Motion to Dismiss. NAR filed a motion to dismiss the case, claiming that, because NAR did not restrain brokers by compelling them to use the "opt-out" provisions of the Challenged Policies (discussed below in Section II.C), those provisions did not constitute actionable restraints of trade. NAR also sought dismissal on two procedural grounds. On November 27, 2006, the Court issued an opinion denying NAR's motion. The Court found that the appropriate analysis under Section 1 is not whether individual market actors are restrained but instead whether competition is restrained.(1) The Court also rejected NAR's procedural arguments.(2)

Course of the Litigation. Discovery began in December 2005 and continued through 2006 and 2007. The case was scheduled for trial on July 7, 2008.

Proposed Settlement. On May 27, 2008, six weeks before trial was scheduled to begin, the United States and NAR reached a settlement. The United States filed a Stipulation and proposed Final Judgment that are designed to eliminate the likely anticompetitive effects of NAR's Challenged Policies. The proposed Final Judgment, which is explained more fully below, requires NAR to repeal its VOW Policy and its ILD Policy and to adopt and apply new rules that do not discriminate against brokers who use VOWs to provide brokerage services to their customers.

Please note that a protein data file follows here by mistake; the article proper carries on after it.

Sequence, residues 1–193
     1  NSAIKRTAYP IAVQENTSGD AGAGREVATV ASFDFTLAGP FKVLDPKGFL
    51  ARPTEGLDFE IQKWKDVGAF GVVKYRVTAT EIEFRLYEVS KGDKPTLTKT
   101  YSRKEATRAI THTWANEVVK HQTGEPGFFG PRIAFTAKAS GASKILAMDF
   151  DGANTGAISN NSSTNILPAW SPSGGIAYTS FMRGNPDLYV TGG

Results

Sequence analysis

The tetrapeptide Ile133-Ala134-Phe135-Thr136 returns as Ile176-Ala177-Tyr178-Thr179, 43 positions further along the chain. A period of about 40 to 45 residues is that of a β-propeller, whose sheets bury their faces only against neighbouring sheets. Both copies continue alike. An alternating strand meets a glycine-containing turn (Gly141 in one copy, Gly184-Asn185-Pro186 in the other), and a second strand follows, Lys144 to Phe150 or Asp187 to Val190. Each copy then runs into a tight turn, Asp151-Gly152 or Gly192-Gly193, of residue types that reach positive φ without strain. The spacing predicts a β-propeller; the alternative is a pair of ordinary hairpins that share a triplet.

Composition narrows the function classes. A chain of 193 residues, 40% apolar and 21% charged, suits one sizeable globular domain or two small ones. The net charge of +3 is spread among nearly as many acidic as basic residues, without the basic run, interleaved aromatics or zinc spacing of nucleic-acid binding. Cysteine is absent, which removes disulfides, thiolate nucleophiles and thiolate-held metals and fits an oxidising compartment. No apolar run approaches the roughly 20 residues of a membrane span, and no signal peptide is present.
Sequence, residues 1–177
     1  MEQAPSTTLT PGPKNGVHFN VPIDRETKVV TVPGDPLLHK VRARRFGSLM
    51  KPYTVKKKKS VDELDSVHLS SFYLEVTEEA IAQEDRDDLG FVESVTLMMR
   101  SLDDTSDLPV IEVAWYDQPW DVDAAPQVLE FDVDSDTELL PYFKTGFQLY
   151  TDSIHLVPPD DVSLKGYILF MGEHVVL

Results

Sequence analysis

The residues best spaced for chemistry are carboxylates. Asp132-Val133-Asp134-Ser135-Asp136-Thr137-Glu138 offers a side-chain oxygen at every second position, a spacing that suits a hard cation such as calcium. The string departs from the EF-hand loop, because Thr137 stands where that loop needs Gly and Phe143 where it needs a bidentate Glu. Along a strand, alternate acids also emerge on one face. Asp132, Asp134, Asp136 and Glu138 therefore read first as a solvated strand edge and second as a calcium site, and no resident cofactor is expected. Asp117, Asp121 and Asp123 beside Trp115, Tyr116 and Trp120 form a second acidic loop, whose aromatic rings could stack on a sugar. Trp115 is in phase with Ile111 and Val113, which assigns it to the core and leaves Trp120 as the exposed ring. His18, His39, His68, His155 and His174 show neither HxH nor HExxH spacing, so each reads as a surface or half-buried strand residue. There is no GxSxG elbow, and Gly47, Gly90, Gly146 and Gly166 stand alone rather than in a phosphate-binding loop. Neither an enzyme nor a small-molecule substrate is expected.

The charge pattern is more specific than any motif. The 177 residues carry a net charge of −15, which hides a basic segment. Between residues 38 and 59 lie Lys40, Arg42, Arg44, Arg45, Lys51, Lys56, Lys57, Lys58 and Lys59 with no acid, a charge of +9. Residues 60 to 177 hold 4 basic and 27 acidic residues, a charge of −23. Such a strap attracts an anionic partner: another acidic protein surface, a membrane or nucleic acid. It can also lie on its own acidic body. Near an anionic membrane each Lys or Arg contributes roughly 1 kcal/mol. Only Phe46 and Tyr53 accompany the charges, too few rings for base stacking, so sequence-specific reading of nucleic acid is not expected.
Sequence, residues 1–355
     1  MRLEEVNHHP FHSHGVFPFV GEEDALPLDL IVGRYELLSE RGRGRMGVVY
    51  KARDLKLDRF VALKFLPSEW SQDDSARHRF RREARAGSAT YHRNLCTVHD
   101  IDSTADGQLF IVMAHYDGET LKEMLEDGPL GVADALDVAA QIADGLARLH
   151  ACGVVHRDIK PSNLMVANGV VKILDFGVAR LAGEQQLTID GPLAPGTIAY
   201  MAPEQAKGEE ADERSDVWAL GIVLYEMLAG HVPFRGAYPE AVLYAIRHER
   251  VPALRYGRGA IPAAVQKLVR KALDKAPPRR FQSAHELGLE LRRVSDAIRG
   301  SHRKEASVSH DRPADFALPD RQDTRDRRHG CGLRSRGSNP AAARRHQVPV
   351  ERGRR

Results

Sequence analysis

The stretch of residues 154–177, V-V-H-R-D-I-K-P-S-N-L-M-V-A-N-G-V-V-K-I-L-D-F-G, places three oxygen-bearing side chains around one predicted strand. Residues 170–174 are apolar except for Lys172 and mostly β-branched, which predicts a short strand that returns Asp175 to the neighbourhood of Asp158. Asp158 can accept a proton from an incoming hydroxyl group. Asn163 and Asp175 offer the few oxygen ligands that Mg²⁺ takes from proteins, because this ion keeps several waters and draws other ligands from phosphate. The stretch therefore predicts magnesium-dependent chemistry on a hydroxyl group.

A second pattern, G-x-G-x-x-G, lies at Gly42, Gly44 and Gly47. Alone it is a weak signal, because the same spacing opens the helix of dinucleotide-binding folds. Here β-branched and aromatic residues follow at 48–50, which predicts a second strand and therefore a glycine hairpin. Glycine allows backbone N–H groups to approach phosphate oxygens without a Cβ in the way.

The United States and NAR have stipulated that the proposed Final Judgment may be entered after compliance with the APPA, unless the United States withdraws its consent. Entry of the proposed Final Judgment would terminate this action, except that this Court would retain jurisdiction to construe, modify, and enforce the proposed Final Judgment and to punish violations thereof.


    1. Description of Competition and Innovation Enabled by VOWs

In many respects, most VOW brokers operate just like their more traditional competitors. They hold brokers' licenses in the states in which they operate, they ordinarily are Realtor members of NAR, they participate in their local MLS, they tour homes with potential buyer customers and guide those customers through the negotiating, contracting, and closing process, and they derive revenues from commissions earned in connection with real estate transactions.(3)